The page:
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<-Back to WTN Archives While science gets us physical comforts, spirituality brings us mental calm, says the Dalai Lama (TOI)
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World Tibet Network News

Published by the Canada Tibet Committee

Sunday, February 12, 2006

3. While science gets us physical comforts, spirituality brings us mental calm, says the Dalai Lama (TOI)

The Times Of India
February 12, 2006

I believe there is a genuine relation between modern science and internal spirituality. Our bodies are the platform for all pleasure and pain at the sensory level. At the same time, we have a sophisticated mind, which keeps track of things at the psychological level. Between these two, the experience of pain and pleasure on the mental level is superior. One could be physically ill but still be mentally happy and content. In fact, physical pain can be subdued by mental calm.

It is the basic right of all beings to achieve a happy, successful life. Today’s material world is a product of science and technology — both of which bring comfort to humanity. Advancement in science and technology is helping people remedy their problems. Which is why we need to be aware of both. But, can science and technology eliminate pain at the mental level? Unfortunately, modern machines can manufacture everything but a happy mind. And treatment on the physical level can’t change your mental disposition.

I would say, while science gets us physical comforts, spirituality brings us mental calm. With the ever-growing impact of science on our lives, religion and spirituality have a greater role to play in reminding us of our humanity. There is no contradiction between the two. Each gives us valuable insights into the other.

The potential antidote to your stress lies in the mind itself. One must be compassionate to avoid tension. Spirituality deals with the mind. By nature, compassion is the source of inner strength and happiness. It is the extremely narrow-minded and selfcentred person who is always worried about something or the other. If you place your worries within a larger perspective, you will realise just how trivial they are.
This is the 21st century — if there is major progress, there are also major problems. In such a situation, awareness is important, warmth is important. It doesn’t matter whether you believe in God or a next life, we need to create a balance between science and spirituality. If the two remain distant, we’re headed for trouble. On the other hand, only radical, materialistic thoughts point towards all matter and no mind. If we don’t consider the importance of our inner feelings, we will become like machines and lose many precious feelings. We must keep our emotions — they bring colour to life. Training of the mind reduces negative emotions and promotes positive feelings. Which means we have the capacity to reduce negative emotions ourselves.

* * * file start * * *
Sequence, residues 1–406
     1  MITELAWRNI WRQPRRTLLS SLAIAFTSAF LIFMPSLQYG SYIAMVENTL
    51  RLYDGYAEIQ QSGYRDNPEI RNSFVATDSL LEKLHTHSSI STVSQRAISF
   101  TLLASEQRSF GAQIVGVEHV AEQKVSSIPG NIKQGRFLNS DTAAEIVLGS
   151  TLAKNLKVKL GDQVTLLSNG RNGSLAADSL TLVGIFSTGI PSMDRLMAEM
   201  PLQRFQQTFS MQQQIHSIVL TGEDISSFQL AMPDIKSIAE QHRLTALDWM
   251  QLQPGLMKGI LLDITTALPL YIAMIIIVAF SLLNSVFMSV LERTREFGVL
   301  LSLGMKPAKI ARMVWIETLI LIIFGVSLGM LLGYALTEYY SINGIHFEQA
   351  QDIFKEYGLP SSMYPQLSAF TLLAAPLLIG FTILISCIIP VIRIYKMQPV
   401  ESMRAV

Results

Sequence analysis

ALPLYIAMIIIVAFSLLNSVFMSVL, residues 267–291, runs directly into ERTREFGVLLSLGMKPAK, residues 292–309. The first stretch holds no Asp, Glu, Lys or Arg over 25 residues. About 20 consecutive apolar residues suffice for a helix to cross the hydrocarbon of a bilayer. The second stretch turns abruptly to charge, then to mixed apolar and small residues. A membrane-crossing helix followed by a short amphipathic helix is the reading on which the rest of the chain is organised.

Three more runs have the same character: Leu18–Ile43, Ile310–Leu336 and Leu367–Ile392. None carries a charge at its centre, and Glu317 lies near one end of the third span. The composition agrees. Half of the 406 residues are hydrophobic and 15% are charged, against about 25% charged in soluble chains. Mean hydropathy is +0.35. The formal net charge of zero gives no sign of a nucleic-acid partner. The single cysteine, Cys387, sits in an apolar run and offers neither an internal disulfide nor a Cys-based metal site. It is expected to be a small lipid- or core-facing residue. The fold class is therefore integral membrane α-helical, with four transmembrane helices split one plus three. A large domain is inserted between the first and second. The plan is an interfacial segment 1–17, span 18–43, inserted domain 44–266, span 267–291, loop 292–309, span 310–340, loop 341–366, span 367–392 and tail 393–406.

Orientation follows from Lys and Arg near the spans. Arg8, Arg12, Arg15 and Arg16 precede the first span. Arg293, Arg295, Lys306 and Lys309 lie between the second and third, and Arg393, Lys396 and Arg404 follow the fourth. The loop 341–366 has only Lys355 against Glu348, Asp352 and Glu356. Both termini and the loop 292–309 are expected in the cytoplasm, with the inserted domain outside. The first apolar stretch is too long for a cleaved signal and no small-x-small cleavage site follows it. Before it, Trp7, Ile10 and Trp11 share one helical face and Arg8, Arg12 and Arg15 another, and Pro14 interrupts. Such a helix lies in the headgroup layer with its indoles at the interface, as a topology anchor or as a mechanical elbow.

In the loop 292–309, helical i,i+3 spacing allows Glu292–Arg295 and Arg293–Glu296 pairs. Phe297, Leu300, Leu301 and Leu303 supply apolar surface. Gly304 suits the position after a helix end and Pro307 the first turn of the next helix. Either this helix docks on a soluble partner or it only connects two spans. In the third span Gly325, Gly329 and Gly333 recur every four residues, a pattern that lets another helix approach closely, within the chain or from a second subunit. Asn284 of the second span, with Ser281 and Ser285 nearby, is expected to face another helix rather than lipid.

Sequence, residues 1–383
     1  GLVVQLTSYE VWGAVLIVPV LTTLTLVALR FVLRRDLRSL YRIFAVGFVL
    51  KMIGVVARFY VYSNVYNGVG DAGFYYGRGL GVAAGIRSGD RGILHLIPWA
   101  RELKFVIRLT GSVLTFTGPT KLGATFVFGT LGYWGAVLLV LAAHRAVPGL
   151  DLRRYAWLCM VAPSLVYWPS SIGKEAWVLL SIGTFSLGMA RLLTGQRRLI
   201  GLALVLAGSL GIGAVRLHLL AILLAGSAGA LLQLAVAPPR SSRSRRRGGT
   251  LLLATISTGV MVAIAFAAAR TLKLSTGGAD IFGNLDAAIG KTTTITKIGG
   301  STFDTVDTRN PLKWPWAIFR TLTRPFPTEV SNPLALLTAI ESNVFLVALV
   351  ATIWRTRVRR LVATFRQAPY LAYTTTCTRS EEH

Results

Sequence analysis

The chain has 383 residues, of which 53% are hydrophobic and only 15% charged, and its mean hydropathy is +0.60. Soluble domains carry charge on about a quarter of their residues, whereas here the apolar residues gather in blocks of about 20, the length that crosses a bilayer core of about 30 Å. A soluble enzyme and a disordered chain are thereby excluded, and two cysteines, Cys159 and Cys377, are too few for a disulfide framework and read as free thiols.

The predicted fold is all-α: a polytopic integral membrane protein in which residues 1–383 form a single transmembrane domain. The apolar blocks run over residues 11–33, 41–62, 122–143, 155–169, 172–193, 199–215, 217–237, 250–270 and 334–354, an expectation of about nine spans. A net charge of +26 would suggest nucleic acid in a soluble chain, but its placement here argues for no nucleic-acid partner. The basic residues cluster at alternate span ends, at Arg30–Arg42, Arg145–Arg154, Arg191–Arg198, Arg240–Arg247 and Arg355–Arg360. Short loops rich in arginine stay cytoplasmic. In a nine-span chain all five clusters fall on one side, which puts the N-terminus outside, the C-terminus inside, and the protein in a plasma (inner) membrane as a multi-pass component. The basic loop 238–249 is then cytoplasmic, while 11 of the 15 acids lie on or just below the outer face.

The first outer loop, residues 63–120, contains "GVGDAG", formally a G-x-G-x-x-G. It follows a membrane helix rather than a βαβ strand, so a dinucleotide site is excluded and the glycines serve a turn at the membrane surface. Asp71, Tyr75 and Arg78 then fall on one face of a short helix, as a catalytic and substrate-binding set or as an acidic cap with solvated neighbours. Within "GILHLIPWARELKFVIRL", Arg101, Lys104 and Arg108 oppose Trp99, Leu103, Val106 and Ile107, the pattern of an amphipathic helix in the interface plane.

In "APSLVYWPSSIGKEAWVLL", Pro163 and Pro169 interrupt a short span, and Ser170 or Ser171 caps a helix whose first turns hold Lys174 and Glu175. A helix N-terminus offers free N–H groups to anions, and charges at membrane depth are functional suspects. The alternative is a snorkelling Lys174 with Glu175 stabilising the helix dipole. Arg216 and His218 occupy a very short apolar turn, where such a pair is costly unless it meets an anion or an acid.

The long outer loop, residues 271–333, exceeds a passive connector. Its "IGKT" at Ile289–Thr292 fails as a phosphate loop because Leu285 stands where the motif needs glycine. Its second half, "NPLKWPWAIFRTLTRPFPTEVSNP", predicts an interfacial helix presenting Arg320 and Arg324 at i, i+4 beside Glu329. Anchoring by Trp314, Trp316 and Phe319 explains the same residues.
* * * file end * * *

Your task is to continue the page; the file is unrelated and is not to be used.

What is spirituality, anyway? In ancient times, communities remained isolated from each other — be it Indians, Chinese, Arabs — they all developed certain philosophies, thoughts and concepts that made them believe they were the best in every field. In today’s global world, realities have changed. We cannot afford to propagate our own beliefs or run down the other’s faiths. That will only make things complicated.

There are two levels of spirituality — the first deals with basic human emotions. Even medical scientists have begun to realise and accept that the mental element — karuna — is very important for health, happiness and success. At another level, spirituality is your belief in religion. I believe the concept of God was created to increase love, compassion, tolerance and understanding for humanity. Ancient Indians thought of the theory of karma to strengthen basic human values. To believe or not to believe in these theories is totally the choice of the individual.

Once you find your reality through investigation, you must accept it. If one finds a reality that is different from what is written in the scriptures, we should have the liberty to change them. I’m Buddhist. If I refuse to budge from my faith, I should believe the world is still flat. If I stay with religion and away from science, I will be living in an unreal world. There are two extremes — denigration and exaggeration. It is up to the individual to find the levels of reality between these two.

By invoking fundamental ethical principles, I am not advocating a fusion of religious ethics and scientific inquiry. Rather, I am speaking of what I call ‘secular ethics’ that embrace the key ethical principles, such as compassion and tolerance — principles that transcend the barriers between religious believers and non-believers, and followers of various religions.
6. So Long, Dalai Lama: Google Adapts to China (NYT)

Articles in this Issue:
  1. Yadav writes letters to Prez, PM with his blood (UNI)
  2. Dalai Lama calls for world peace, the Buddha way (IANS)
  3. While science gets us physical comforts, spirituality brings us mental calm, says the Dalai Lama (TOI)
  4. Reviews of recent books on faith and values

Other articles this month - WTN Index - Mail the WTN-Editors

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